I was a fan of Jen Sookfong Lee’s writing before I was her editor. Being a fan of a writer I end up editing always results in–I want to say a frisson, but that sounds super pretentious–so I’ll just say butterflies. I was going to say horripilation, an excellent word that means “the erection of hair on the skin due to cold fear or excitement,” but it sounds nasty. And nothing about working with Jen was nasty.
In about 2015, while I was still an editor at Orca, I developed a series called Orca Origins, which focuses on cultural traditions around the world. The books are all written by writers who had lived experience of the culture they were writing about. I found great authors for books on Passover, Diwali, Ramadan, Birthdays, Christmas, and Powwow but still needed a Chinese-Canadian to write about Chinese New Year. My bosses encouraged me to contact Jen, an East Vancouver-born-and-raised writer. To my delight, she agreed to write the book, as long as we could work around her busy schedule of teaching, writing, editing, podcasting and single-parenting.
I got over my fangirl jitters as Jen and I built the book around the framework created for the Origins series. I already knew that she was an incredible novelist, poet and short story writer. What I discovered was that her gifts were well-suited to writing middle grade non-fiction. She brought intelligence, commitment and humour to writing Chinese New Year, which was later the basis of a lovely board book called Animals of Chinese New Year. When I wanted someone to write a middle-grade book about the immigrant experience, I asked Jen if she would write it. Again, she said yes. The result was Finding Home: The Journey of Immigrants and Refugees.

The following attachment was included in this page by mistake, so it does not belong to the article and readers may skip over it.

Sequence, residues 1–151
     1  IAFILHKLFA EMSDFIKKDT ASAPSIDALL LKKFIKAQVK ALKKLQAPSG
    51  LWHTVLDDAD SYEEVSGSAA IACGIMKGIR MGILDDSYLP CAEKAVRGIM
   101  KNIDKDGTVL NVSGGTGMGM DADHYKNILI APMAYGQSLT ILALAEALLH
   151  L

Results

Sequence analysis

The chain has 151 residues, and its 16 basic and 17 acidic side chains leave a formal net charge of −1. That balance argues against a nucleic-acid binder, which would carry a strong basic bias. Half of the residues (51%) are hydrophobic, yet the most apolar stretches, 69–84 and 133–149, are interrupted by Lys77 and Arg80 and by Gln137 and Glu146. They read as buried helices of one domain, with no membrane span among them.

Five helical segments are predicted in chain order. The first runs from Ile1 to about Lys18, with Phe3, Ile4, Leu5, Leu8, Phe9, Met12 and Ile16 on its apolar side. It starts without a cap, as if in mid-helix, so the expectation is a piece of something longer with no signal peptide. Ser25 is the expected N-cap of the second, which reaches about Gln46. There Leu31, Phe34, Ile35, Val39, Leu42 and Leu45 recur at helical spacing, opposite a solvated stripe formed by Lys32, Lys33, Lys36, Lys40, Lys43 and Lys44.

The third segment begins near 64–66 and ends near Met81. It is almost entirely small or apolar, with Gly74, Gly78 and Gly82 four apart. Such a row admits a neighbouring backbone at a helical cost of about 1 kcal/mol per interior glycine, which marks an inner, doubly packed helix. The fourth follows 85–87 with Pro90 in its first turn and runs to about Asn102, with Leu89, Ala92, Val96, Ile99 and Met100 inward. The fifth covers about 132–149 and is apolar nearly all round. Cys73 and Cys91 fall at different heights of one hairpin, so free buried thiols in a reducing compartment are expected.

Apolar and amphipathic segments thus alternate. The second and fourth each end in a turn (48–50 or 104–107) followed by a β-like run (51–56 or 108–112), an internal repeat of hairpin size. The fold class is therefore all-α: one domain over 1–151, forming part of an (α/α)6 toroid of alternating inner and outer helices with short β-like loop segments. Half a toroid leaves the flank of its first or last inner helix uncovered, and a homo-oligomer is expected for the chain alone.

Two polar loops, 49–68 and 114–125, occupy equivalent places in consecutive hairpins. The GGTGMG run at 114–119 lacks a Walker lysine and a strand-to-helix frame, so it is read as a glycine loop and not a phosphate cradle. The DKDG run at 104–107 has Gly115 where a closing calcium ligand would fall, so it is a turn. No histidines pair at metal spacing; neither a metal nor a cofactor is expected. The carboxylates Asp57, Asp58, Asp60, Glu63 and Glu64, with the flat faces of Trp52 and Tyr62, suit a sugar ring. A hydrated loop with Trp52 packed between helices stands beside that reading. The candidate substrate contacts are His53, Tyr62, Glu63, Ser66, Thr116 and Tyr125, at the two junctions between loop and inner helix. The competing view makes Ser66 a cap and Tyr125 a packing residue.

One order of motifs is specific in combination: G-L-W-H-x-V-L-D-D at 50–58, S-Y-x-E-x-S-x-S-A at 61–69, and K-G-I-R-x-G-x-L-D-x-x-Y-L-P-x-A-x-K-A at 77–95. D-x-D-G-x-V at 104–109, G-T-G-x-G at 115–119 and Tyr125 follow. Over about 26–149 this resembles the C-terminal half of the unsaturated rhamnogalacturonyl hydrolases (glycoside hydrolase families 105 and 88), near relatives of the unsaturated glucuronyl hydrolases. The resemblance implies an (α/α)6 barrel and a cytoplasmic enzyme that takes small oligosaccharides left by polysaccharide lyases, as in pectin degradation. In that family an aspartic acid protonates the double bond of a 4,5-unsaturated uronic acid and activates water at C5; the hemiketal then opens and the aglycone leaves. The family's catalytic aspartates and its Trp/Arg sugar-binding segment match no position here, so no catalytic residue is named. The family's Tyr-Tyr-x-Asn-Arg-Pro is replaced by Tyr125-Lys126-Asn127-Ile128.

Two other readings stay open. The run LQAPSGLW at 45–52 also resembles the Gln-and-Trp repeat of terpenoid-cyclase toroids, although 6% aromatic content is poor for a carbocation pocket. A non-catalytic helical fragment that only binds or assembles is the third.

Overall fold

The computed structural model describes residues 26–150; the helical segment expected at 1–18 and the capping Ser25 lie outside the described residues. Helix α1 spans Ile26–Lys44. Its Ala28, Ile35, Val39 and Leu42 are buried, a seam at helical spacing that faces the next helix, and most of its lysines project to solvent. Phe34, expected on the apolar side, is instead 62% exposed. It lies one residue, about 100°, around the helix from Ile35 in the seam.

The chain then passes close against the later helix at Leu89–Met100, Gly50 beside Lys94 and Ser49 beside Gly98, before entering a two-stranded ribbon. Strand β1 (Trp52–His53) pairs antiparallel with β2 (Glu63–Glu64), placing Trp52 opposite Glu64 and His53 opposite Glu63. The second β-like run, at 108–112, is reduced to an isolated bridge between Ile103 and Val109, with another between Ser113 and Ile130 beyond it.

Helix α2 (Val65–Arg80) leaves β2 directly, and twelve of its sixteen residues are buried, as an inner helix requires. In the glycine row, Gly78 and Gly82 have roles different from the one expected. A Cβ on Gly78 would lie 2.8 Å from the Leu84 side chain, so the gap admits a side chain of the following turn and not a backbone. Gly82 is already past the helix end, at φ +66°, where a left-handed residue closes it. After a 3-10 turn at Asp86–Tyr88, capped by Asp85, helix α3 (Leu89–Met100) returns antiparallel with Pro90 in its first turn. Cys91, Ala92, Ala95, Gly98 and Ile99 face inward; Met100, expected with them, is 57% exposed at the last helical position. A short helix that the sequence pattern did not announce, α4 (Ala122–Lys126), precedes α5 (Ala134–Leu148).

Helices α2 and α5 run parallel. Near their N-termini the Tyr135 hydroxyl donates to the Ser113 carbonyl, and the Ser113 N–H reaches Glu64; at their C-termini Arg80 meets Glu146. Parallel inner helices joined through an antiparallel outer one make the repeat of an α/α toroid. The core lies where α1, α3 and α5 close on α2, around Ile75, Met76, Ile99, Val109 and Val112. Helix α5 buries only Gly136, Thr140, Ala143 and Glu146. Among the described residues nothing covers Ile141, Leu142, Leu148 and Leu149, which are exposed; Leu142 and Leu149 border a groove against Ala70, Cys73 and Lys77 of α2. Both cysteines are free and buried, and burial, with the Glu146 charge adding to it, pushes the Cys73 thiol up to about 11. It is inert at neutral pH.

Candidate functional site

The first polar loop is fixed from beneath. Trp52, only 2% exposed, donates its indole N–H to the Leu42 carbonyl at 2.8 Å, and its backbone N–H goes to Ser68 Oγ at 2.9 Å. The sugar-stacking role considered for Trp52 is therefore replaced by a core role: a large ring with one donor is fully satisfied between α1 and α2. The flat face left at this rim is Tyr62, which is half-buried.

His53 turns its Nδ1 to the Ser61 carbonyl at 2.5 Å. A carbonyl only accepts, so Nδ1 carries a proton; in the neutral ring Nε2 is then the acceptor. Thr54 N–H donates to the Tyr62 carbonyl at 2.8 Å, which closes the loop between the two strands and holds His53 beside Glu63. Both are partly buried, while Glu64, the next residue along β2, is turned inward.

Jen says, “When we started with Chinese New Year, Sarah was instrumental in helping me create a vision for a book I had yet to write, in a genre—middle grade non-fiction—that I didn’t have any experience with. Together we decided what needed to be included and the book became a social history of Chinese culture as it travelled around the world with the far-reaching diaspora. What a feat!
I knew when we started working on Finding Home that it would be a challenge. As it grew, this became patently clear as I worked to conduct interviews and process the very granular, very adult-oriented migration data. I needed Sarah more than ever! With her help, Finding Home became a timely and necessary book that is read by children across North America.”
I finally did meet Jen, at the 2017 BC Book Prizes gala, where she was nominated for her wonderful novel, The Conjoined, and I was there as the editor of a nominated book. She was glittery and gorgeous in a long silver-sequined dress. She was also smart, kind and very funny. I wasn’t quite stricken dumb, but close.
Jen’s latest book is Superfan: How Pop Culture Broke My Heart. Let me tell you, this book’s courage almost broke my heart. It also made me laugh–a lot. And wince, and wish I could give Jen a hug. Here’s the synopsis Jen sent me.
“Ranging from the unattainable perfection of Gwyneth Paltrow and the father-figure familiarity of Bob Ross, to the long shadow cast by The Joy Luck Club and the life lessons she has learned from Rihanna, Jen weaves together key moments in pop culture with stories of her own failings, longings, and struggles as she navigates the minefields that come with carving her own path as an Asian woman, single mother, and writer. And with great wit, bracing honesty, and a deep appreciation for the ways culture shapes us, she draws direct lines between the spectacle of the popular, the intimacy of our personal bonds, and the social foundations of our collective obsessions.”
Visit sookfong.com to find out more about Jen and her books. And then read her books and marvel at what she can do with words. (Yes, I’m still fangirling.)